|• Governor||Yoshinobu Nisaka|
|• Total||4,725.67 km2 (1,824.59 sq mi)|
|Population (April 1, 2012)|
|• Density||209.49/km2 (542.6/sq mi)|
|ISO 3166 code||JP-30|
|Flower||Ume blossom (Prunus mume)|
|Tree||Ubame oak (Quercus phillyraeoides)|
|Bird||Japanese white-eye (Zosterops japonica)|
- 1 History
- 2 Geography
- 3 Economy
- 4 Demographics
- 5 Culture
- 6 Sister relationships
- 7 Tourism
- 8 Transportation
- 9 Education
- 10 Notes
- 11 References
- 12 External links
1953 Wakayama Prefecture flood disaster
On July 17–18, 1953, a torrential heavy rain occurred, followed by collapse of levees, river flooding and landslides in a wide area. Many bridges and houses were destroyed. According to an officially confirmed Japanese Government report, 1,015 people died, with 5,709 injured and 7,115 houses lost.
Nine cities are located in Wakayama Prefecture:
Towns and villages
These are the towns and villages in each district:
Wakayama supplies most of Japan with its high production of mikans (Mandarin Oranges) in October of every year.
|This section is empty. You can help by adding to it. (July 2010)|
Mount Kōya (高野山 Kōya-san?) in the Ito District is the headquarters of the Shingon sect of Japanese Buddhism. It is home to one of the first Japanese style Buddhist temples in Japan and remains a site of pilgrimage and an increasingly popular tourist destination as people flock to see its ancient temples set amidst the towering cedar trees at the top of the mountain. The Sacred sites and pilgrimage routes in the Kii Mountain Range extend for miles throughout the prefecture and together have been recognized as Japan's 11th UNESCO World Heritage site.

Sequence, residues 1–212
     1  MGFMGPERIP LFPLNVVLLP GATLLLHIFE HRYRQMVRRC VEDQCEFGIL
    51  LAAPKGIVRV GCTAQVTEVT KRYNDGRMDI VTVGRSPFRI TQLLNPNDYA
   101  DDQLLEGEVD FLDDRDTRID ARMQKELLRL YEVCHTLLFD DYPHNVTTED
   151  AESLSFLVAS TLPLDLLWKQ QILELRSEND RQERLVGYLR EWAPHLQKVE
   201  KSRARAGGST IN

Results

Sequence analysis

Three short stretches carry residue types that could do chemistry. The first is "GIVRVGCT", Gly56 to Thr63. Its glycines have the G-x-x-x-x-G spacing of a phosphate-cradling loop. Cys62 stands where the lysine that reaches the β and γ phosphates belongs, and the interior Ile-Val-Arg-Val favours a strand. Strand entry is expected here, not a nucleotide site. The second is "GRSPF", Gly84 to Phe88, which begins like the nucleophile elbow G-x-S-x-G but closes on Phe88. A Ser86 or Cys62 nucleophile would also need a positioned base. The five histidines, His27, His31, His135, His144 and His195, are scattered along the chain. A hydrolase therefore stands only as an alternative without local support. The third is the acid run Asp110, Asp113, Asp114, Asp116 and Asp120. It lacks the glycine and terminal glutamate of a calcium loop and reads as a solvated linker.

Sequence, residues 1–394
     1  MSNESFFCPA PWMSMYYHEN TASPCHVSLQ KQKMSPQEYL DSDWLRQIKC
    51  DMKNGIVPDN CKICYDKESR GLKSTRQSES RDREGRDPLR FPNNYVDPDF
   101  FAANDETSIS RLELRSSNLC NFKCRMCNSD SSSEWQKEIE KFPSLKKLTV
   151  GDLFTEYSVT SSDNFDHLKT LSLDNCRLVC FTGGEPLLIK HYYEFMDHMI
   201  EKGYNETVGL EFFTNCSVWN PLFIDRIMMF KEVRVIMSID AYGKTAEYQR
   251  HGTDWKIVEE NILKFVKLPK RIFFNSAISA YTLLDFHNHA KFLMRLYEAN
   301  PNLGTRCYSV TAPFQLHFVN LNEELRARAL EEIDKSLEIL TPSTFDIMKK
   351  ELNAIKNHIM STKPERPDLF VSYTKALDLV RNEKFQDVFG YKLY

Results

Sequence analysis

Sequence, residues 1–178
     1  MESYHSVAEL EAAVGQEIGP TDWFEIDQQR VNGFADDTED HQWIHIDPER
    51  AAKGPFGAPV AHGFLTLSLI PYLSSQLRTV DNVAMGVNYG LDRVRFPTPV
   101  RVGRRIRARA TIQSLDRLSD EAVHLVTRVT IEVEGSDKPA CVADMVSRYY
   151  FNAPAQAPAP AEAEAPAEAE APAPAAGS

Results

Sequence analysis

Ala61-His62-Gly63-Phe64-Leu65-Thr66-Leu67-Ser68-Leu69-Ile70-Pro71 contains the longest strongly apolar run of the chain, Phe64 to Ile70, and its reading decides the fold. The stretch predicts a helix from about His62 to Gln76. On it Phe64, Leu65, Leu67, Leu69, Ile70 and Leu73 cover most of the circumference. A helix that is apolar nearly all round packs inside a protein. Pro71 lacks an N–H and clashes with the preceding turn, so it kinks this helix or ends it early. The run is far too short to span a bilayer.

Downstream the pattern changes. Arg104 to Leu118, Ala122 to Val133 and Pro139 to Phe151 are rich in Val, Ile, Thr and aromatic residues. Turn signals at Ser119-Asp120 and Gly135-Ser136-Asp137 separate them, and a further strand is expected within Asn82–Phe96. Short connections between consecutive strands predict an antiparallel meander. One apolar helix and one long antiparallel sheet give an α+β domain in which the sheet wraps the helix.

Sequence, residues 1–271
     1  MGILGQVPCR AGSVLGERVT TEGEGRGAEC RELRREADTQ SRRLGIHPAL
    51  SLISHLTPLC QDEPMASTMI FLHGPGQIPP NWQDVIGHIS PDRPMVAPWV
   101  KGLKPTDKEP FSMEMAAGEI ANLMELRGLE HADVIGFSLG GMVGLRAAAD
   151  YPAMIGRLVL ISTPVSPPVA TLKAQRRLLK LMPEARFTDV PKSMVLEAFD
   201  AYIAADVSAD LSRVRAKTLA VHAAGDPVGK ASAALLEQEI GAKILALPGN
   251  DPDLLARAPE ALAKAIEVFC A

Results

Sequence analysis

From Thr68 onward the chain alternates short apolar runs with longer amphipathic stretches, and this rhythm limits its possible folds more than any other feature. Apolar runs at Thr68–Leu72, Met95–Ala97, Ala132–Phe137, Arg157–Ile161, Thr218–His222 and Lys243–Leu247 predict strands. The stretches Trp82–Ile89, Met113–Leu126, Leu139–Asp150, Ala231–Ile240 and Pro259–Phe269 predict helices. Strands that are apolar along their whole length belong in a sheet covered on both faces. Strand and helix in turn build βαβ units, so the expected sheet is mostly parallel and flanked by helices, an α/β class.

Wakayama Prefecture has friendship and sister relationships with six places outside Japan. These are Richmond, Canada; Shandong, People's Republic of China; Pyrénées-Orientales, France; Florida, United States; Sinaloa, Mexico; and Galicia, Spain.
- JR West
- JR Central
- Kishu Railway
- Wakayama Electric Railway
- Hanwa Expressway
- Keinawa Expressway
- Yuasa Gobo Road
- Nachi Katsuura Road
- Route 24
- Route 26
- Route 42
- Route 168 (Shingu-Gojo-Ikoma-Hirakata)
- Route 169 (Shingu-Kumano-Kawakami-Yoshino-Asuka-Kashihara-Nara)
- Route 311 (Kamitonda-Tanabe-Shingu-kumano-Owase)
- Route 370 (Kainan-Hashimoto-Gojo-Uda-Nara)
- Route 371 (Kawachinagano-Hashimoto-Koya-Kushimoto)
- Route 424
- Nussbaum, Louis-Frédéric. (2005). "Wakayama prefecture" in Japan Encyclopedia, p. 1026, p. 1026, at Google Books; "Kansai" in p. 477, p. 477, at Google Books.
- Nussbaum, "Wakayama" in p. 1025, p. 1025, at Google Books.
- Nussbaum, "Provinces and prefectures" in p. 780, p. 780, at Google Books.
- 友好・姉妹提携 Wakayama Prefecture official Web site retrieved May 16, 2008
- Nussbaum, Louis-Frédéric and Käthe Roth. (2005). Japan encyclopedia. Cambridge: Harvard University Press. 10-ISBN 0-674-01753-6; 13-ISBN 978-0-674-01753-5; OCLC 58053128
|Wikimedia Commons has media related to Wakayama prefecture.|